Other releases for this week include Cameron Diaz’s bad taste comedy BAD TEACHER, Michael Winterbottom’s submitted footage documentary LIFE IN A DAY, Emilio Estevez directing his father Martin Sheen in THE WAY and direct to DVD star Michael Jai White’s TACTICAL FORCE.
In TV DVD’s released this week we get the 10th and final series of young Superman show
SMALLVILLE. I’ve never watched it but the word on the playground seems to be that it started
great but is a fair few seasons past its peak now. DESPERATE HOUSEWIVES (is that still happening?) treats us to yet another season, all the while watching it’s own “Kill, Bed, Marry” meter sliding ever further to the left.
There are also new seasons of HOW I MET YOUR MOTHER and Oz prison drama PRISONER: CELL BLOCK H but my pick of it all is an exercise DVD put out by those young ladies from TV hit THE ONLY WAY IS ESSEX. I’ve never seen a minute of it and I don’t pick it for the obvious reasons (believe me; they look a bit – and I apologise – but well, a bit ropey.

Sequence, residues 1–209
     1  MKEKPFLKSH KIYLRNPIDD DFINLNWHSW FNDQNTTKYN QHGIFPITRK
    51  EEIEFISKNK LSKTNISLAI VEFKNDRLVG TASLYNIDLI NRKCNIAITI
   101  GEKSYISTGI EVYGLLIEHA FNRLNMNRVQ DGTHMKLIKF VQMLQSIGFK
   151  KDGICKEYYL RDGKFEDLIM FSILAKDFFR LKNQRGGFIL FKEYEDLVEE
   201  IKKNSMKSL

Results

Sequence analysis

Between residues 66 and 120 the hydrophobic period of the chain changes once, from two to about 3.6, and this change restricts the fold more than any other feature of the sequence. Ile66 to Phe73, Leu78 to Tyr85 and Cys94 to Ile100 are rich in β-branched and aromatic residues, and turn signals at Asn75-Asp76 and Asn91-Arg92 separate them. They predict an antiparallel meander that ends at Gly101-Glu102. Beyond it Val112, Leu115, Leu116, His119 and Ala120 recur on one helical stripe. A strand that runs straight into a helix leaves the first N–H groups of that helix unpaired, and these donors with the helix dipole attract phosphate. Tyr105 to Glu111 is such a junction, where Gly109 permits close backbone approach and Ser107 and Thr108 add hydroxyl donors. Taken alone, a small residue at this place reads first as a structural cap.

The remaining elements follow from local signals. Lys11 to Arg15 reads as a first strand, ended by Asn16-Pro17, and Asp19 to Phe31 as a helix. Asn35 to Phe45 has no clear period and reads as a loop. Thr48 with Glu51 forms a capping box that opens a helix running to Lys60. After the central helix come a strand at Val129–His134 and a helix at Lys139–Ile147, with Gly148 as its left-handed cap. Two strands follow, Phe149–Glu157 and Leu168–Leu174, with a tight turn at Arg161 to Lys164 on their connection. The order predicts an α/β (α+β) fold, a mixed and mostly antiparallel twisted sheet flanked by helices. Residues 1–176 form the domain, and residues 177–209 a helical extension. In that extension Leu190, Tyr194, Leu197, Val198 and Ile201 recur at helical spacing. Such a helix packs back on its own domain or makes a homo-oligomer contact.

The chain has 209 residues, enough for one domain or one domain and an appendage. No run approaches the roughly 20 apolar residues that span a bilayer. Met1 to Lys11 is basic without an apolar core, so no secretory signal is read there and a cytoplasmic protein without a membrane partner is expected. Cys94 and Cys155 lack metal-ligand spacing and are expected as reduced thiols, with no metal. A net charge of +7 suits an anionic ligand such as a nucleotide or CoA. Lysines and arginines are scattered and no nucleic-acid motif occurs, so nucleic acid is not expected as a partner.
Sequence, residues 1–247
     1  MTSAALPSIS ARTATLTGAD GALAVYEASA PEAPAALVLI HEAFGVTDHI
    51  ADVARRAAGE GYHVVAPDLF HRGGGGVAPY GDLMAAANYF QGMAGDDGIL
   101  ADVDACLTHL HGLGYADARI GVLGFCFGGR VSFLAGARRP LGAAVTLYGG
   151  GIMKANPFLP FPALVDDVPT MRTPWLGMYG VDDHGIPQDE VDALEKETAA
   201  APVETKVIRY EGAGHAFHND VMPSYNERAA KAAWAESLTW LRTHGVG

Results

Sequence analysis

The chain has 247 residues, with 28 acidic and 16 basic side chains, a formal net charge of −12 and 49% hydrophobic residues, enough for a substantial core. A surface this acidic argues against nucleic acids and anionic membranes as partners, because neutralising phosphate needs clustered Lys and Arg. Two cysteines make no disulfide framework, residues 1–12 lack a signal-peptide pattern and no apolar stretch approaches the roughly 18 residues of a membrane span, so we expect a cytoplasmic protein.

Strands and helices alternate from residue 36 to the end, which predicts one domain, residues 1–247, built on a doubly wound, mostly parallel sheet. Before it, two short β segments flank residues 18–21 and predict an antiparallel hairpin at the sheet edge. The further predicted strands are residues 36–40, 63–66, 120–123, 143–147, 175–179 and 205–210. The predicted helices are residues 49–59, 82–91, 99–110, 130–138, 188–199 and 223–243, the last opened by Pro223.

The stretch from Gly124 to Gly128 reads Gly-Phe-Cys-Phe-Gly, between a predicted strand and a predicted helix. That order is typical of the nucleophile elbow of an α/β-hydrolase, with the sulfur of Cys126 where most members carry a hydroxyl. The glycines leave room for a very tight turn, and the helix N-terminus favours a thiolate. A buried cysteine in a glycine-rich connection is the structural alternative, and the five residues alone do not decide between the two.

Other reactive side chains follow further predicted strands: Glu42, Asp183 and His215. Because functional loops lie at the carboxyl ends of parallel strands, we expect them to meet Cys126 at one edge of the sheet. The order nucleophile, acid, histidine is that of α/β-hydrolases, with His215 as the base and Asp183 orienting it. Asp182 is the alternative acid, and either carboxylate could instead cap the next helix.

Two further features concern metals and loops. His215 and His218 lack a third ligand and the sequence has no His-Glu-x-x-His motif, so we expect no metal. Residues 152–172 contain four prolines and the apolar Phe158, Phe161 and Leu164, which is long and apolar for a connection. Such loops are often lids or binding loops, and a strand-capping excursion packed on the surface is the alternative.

The one on the right looks like she might smell of Hepatitis). No. The reason I have chosen it is because the special edition comes – and this is not a lie, so help me God – with a free Vajazzle kit with which ladies (or men if they should feel so inclined) can introduce a touch of glamour to their downstairs naughty bits. This, in turn, has led the producers of this fine piece of visual entertainment to put the following disclaimer on the DVD case:“Vajazzle kit not suitable for children”.
This is easily my favourite DVD box blurb since a volume of Spiderman cartoons once warned me about “Moderate fantasy violence and frequent Nazi imagery”. And, with that… I’m gone. JimPin It